<\body> Stories in America: A Texas Democrat in the "City of Churches"

Friday, June 17, 2005

A Texas Democrat in the "City of Churches"

After another long day of doing interviews in 90+ degree weather at the Nacogdoches blueberry festival, we decided to take a break and try the blueberries. We stopped in a quintessential country store selling everything from tea towels and door hangers to blueberry jam and ice cream sundaes. Because we lug around so much equipment, people usually ask us if we're from out of town. After telling the storeowner about my project and asking her if she'd like to answer a few questions, she said, "Sure, but this isn't Bush country." She has been in business for many years and grew up in a nearby town.

Tell me about this town.

It's the oldest town in Texas. The population is about 30,000. It's a good university town. A lot of artists live here. It's a very caring town. We try to protect our history and enjoy these festivals. There's a core group of people that does everything. I'm from Lufkin, which is right down the road, but Nacogdoches is more historic. People ask me, why do you prefer Nacogdoches over Lufkin? Davy Crockett walked these streets. Sam Houston walked these streets. I just love it. I'm very protective of the downtown area. We've accomplished a lot in the past 10 years. We got historical overlay put on our buildings. We fought to keep the festival on the brick streets. We're involved in a minor way in local politics and that's what it takes. You can't just let someone run with it or you won't like the way it turns out, much like our national elections.

How does this town lean politically?

Republican. You don't really discuss it if you're a Democrat because for one thing, the Republicans act like you're ignorant if you say you're a Democrat. A lot of times we just keep our mouths shut. I've always been a liberal and I just don't believe in some of the things that Bush is doing. We've got to take control again. I believe in stem cell research. I believe in a woman's right to choose. I believe in so many of those things that they are trying to take a giant step backwards on. That really aggravates me.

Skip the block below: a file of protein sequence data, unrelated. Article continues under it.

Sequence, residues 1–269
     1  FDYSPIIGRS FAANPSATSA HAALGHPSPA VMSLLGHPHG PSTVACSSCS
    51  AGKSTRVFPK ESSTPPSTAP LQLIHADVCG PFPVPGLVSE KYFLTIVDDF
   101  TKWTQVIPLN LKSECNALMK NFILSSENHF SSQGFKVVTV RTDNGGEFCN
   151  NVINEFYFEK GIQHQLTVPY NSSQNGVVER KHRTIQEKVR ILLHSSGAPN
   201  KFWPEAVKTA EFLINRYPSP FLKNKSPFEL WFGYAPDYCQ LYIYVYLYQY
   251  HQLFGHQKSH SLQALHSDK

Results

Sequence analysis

This area used to be Democratic. Why did it turn Republican?

I don't know. It's been turning Republican for the last 15 years. Bush was our governor and not a very popular governor. Now we have good hair Perry. If Molly Ivins would run for governor, I'd vote for her. She's wonderful. Kinky Friedman says he's running for governor. I am gonna vote for him!

I was just interviewing the Republican booth outside. When I asked them why this town turned Republican, they said Democrats no longer value the family or the church.

That's bull. Believing a woman has the right to choose has nothing to do with your religion. That has to do with human rights. As far as family values, I think Democrats are right on up there with everyone else.

Do you talk about these issues with Republicans here?

No. We do what we can to get local officials elected. Their political party really doesn't come into play. It's really about their agenda. I've got a lot of friends that are Republicans. Rather than get into arguments, we just don't talk politics. My stepfather is against gun control. He has so many guns. You just don't bring it up at home.

Do your friends know you're a Democrat?

Well, we don't talk about it, but I think they know. Some will say, I know you're a Democrat, but... And my husband has a ponytail, so that's a good giveaway there. It's not a problem with my friends. We try to look beyond that and I look over them for being Republican, unless they cram it down my throat.

Do you go to church?


Whenever I talk to conservatives who go to church, the first thing they bring up is abortion and gay marriage.

I would rather have a gay person get married to their significant other than to go out and be a pedophile or a stalker. If you love somebody, you love somebody. I don't have a problem with that.